SwiftUI Property Wrappers

Learn different ways to use SwiftUI property wrappers to manage changes to an app’s data values and objects. By Audrey Tam.

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In a SwiftUI app, every data value or object that can change needs a single source of truth and a mechanism to enable views to change it or to observe it. SwiftUI property wrappers enable you to declare how each view interacts with mutable data.

In this tutorial, you’ll build a simple app and learn different ways to use SwiftUI property wrappers to manage changes to its data values and objects with the @State, @Binding, @Environment, @StateObject, @ObservedObject and @EnvironmentObject property wrappers.

Note: This tutorial assumes you’re comfortable with using Xcode to develop iOS apps and familiar with SwiftUI basics like those in SwiftUI Tutorial: Getting Started and SwiftUI Tutorial: Navigation.

Getting Started

Download the project materials using the Download Materials button at the top or bottom of this tutorial.

Open the TIL project in the starter folder. The project name “TIL” is the acronym for “Today I Learned”. Or, you can think of it as “Things I Learned”. Here’s how the app should work: The user taps the + button to add acronyms like “YOLO” and “BTW”, and the main screen displays these.

TIL in action

TIL in action

This app embeds the VStack in a NavigationView. This gives you the navigation bar where you display the title and the + button.

Build and run the app. If you get a LayoutConstraints message in the console, complaining about UIModernBarButton, add this modifier to the NavigationView in ContentView.swift:


This is a workaround for a navigationTitle bug. To find the right place to add the modifier, fold NavigationView:

Fold NavigationView to add the modifier.

Fold NavigationView to add the modifier.

ThingStore has the property things, which is an array of String values.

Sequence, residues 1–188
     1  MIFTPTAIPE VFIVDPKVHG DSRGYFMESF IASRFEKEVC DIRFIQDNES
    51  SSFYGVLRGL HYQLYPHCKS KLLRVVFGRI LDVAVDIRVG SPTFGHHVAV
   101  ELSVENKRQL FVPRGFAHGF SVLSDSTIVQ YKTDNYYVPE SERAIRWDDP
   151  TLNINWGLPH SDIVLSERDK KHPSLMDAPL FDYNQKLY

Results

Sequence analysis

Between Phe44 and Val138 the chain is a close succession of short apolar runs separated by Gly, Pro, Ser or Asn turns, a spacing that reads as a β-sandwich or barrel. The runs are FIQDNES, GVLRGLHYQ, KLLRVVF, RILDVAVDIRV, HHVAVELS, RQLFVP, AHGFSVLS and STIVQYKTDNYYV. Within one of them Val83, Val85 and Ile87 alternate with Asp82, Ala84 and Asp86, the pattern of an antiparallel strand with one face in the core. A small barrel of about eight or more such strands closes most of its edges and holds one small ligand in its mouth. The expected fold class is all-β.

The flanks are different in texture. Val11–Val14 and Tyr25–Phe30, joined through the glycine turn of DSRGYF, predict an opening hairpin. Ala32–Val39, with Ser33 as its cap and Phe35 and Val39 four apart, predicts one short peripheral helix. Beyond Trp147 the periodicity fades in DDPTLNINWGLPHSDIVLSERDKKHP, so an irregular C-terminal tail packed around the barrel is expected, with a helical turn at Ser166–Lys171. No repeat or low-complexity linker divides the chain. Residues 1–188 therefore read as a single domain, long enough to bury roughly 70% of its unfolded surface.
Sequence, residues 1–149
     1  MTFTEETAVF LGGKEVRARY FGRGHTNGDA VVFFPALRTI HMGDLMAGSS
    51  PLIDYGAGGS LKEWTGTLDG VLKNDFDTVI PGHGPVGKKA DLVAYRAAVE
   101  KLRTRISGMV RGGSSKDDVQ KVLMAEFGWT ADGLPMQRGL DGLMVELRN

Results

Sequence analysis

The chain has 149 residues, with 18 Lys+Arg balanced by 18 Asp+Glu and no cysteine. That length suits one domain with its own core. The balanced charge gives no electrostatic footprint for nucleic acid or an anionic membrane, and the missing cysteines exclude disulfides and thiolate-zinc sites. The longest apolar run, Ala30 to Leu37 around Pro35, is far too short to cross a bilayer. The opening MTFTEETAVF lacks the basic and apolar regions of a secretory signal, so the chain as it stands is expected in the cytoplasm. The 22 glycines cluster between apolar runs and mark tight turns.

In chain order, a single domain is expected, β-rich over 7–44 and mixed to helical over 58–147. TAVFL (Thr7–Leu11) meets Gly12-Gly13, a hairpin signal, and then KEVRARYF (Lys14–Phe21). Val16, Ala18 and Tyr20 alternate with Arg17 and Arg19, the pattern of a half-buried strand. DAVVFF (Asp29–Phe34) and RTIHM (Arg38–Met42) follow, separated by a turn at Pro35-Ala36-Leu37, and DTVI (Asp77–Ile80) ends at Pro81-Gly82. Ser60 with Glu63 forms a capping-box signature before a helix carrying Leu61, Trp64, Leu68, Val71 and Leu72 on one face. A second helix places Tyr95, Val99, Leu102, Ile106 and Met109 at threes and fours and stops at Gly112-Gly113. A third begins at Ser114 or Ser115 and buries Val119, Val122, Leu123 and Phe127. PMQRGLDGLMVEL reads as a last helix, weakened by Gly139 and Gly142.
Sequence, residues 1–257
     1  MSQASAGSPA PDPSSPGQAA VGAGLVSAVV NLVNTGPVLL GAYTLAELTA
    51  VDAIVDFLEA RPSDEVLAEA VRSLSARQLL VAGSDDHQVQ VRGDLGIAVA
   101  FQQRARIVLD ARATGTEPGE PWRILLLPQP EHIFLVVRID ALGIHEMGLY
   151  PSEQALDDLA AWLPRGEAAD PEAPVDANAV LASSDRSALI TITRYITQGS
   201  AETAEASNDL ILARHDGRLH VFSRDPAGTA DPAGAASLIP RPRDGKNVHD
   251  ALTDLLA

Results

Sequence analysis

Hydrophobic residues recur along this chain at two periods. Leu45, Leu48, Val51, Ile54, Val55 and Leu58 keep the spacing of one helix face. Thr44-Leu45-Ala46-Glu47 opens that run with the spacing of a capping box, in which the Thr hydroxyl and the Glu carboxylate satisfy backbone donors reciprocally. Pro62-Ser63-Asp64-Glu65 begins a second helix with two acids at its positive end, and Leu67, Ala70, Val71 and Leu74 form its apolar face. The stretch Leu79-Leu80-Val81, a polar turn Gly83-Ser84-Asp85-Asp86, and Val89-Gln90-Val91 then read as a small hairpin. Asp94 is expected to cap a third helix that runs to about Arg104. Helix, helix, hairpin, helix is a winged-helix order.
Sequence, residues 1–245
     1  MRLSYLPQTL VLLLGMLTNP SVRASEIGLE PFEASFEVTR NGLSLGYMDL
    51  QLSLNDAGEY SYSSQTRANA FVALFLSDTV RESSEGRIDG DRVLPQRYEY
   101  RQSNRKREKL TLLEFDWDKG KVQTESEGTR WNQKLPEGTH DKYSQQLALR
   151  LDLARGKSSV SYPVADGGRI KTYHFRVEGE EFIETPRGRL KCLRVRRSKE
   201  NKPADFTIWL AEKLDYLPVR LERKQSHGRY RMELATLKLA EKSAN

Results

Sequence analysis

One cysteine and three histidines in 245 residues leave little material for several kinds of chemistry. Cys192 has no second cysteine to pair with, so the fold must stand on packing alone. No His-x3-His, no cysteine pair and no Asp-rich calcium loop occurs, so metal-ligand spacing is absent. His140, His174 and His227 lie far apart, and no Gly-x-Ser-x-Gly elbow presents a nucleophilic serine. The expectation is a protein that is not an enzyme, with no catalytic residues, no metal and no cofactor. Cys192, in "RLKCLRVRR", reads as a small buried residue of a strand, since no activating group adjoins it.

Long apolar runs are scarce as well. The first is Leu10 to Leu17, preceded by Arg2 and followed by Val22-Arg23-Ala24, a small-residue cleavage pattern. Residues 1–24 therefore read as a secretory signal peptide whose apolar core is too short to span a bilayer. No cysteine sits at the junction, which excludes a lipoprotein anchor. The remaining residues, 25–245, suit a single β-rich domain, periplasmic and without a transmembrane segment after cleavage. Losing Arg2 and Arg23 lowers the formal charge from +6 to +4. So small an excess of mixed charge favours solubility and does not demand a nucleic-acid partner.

You’ll first manage state changes to the ThingStore structure using @State and @Binding, then convert it to an ObservableObject and manage state changes with @StateObject and @ObservedObject.

Finally, you’ll extend the app to create a reason to access ThingStore as an @EnvironmentObject. You’ll instantiate ThingStore when you create ContentView in TILApp. As an @EnvironmentObject, your ThingStore object will be available to any view that needs to access it.

Tools for Managing Data

A @State property is a source of truth. A view that owns a @State property can pass either its value or its binding to its subviews. If it passes a binding to a subview, the subview now has a reference to the source of truth. This allows it to update that property’s value or redraw itself when that variable changes. When a @State value changes, any view with a reference to it invalidates its appearance and redraws itself to display its new state.

Your app needs to manage changes to two kinds of data:

Managing UI values and model objects

Managing UI values and model objects

  • User interface values, like Boolean flags to show or hide views, text field text, slider or picker values.
  • Data model objects, often collections of objects that model the app’s data, like a collection of acronyms.

Property Wrappers

Property wrappers wrap a value or object in a structure with two properties:

  • wrappedValue is the underlying value or object.
  • projectedValue is a binding to the wrapped value or a projection of the object that creates bindings to its properties.

Swift syntax lets you write just the name of the property, like showAddThing, instead of showAddThing.wrappedValue. And, its binding is $showAddThing instead of showAddThing.projectedValue.

SwiftUI provides property wrappers and other tools to create and modify the single source of truth for values and for objects:

  • User interface values: Use @State and @Binding for values like showAddThing that affect the view’s appearance. The underlying type must be a value type like Bool, Int, String or Thing. Use @State to create a source of truth in one view, then pass a @Binding to this property to subviews. A view can access built-in @Environment values as @Environment properties or with the .environment(_:_:) view modifier.